Last Updated on May 11, 2021 by Sarah Gallagher
Things have been ridiculously stressful this past year, with no signs of it stopping. So, today we decided if we were going to have a guilt-free, do nothing Monday.
Ever since the Christmas holidays, my two kids have been online learning while I work from home. I was expecting them to go back to school the second week of January. However, when the daily Covid-cases kept rising our province of Ontario went into lockdown. Every non-essential business were ordered closed. Including all schools.
I am still working away at my full-time day job. The kids are not expected to go back until February 16th, 2021. My youngest is in Jr Kindergarten, and has decided that she hates school, and actively avoids being apart of any Zoom classroom call. My older one is in Grade 4, when things get more complicated. He has French now, and is learning timetables and fractions, is expected to write more structured assignments, and generally is being taught that he needs to take responsibility for his own education. He was struggling. She was struggling. I was losing my mind.
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An Immediate Do Nothing Day Was Required
Fed up with fighting, with the stress, scheduling an immediate do nothing day. The kids did nothing but watch videos all day, eating popcorn and drinking milk because that’s all they wanted to do.
I was actually pretty cool with this. I was completely guilt-free, and I’m going to tell you why.
If you’re reading this, you have likely experienced a dramatic change in life. I’m talking about the death of your loved one. Most of you are probably widows or widowers who have lost a spouse.
Everybody grieves differently, but it’s all still very painful. Now, while you’re grieving, you’re also going through COVID at the same time. That’s a double whammy. It’s freaking horrible.
You’re dealing with the world going through craziness with the lock-downs, with the terror, and your own grief at the same time, trying to figure out what on earth to do next. Going through COVID is not a fun thing, especially if you’re alone. You’re trying to deal with the world and it’s changing but you don’t have your support for it. Maybe you can’t deal anymore.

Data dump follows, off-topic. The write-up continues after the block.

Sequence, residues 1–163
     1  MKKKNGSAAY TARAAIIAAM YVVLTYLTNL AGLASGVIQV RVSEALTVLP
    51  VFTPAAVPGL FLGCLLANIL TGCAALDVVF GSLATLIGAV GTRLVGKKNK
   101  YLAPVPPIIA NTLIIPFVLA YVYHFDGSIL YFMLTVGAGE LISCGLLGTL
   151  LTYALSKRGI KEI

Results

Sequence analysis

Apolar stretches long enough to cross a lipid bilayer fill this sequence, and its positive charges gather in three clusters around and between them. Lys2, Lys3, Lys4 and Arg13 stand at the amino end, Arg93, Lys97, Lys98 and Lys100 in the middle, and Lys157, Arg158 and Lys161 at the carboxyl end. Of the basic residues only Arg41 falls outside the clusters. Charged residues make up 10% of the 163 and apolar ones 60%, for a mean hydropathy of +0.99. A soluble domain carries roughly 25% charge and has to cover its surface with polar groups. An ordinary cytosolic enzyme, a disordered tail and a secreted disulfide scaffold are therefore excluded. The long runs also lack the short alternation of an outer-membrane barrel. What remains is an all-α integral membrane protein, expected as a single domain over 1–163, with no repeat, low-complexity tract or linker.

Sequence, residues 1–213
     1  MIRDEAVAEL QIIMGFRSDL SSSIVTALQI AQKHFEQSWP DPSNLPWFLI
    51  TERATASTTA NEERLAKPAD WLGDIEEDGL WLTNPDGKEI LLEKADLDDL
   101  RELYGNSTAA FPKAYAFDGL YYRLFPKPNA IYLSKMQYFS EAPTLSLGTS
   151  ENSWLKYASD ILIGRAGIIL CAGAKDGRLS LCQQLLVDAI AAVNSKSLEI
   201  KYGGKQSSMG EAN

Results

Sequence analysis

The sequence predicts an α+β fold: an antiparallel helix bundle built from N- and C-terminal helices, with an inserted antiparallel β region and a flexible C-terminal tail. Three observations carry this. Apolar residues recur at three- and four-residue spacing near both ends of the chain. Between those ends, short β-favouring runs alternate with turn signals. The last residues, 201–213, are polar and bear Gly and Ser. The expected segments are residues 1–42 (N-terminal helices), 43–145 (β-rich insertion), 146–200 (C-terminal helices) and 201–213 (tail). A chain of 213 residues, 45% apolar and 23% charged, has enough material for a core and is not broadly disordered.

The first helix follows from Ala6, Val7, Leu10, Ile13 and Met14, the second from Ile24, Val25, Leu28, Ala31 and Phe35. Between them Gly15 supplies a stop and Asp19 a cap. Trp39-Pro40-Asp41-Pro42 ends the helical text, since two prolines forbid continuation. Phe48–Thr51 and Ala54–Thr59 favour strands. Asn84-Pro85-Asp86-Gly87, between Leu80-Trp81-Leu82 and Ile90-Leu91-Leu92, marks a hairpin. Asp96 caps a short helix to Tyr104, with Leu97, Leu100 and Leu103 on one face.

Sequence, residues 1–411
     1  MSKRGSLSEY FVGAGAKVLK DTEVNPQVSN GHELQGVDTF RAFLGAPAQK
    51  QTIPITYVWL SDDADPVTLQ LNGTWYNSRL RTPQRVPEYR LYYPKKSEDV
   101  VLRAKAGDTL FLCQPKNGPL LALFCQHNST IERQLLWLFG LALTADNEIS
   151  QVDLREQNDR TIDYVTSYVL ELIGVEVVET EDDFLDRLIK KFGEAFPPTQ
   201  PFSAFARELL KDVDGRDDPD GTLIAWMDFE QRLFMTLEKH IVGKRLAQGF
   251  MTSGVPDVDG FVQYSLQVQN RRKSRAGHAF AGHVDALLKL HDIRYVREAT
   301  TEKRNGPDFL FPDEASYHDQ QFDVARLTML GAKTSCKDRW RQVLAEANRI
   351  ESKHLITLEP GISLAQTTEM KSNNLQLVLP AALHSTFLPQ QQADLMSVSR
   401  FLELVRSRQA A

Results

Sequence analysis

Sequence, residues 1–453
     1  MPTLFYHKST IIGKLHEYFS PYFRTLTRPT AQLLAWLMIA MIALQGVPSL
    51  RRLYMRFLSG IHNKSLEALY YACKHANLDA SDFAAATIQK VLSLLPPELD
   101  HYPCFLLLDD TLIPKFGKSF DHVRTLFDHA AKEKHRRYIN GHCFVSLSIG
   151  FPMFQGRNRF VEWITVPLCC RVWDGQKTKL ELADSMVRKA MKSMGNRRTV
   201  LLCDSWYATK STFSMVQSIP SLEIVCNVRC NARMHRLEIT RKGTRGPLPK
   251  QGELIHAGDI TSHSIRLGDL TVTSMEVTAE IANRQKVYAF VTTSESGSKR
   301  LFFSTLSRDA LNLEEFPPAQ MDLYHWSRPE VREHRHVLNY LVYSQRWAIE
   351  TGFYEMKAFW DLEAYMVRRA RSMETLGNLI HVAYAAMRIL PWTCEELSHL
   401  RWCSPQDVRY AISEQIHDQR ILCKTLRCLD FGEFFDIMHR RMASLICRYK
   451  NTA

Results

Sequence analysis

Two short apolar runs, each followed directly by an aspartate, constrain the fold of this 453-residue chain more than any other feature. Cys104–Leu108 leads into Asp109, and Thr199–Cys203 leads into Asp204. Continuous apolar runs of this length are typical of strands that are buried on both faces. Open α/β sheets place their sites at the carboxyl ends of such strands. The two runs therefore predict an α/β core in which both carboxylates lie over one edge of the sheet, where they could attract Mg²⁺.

It’s easy not to pay attention to our emotional and physical health when we are grieving, until there is a problem – but then it may be too late to fix it. So check in often, and don’t feel guilt about having a do nothing day.
Things Start To Unravel If You’re Not Paying Attention
At the beginning of the day, you have all of these ideas and these goals that you want to do. Things that you have to make sure happen. That you’re the best parent or make sure the kids get to school on time. You need to get to work today but you can’t think properly because you woke up thinking about your late husband or my wife. All you could think about was their smell and you couldn’t function anymore.
When you get to that point at any point, you know yourself best. I don’t know what stage you’re at in your grief. But when you hit your tipping point – if it’s now, if it’s tomorrow, if it’s the next day – the important part is that you need to go inside yourself. Ask yourself, “Do I have any reserve left at all to move forward? Should I plan a do nothing day?”
If you’re new to this, you are probably fighting this on a daily basis. Even if you’ve been grieving for a little bit longer, you also have to keep remembering to re-evaluate and come back to yourself.
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Today, I was supposed to be homeschooling my kids. Which really means that I’m supposed to be doing conference calls, with them being over my shoulder. Helping them with their math or their reading. Making sure my younger daughter is actually participating in her class. Making them snacks and lunch. While also trying to participate in Zoom meetings and work administrative tasks. It was really too much.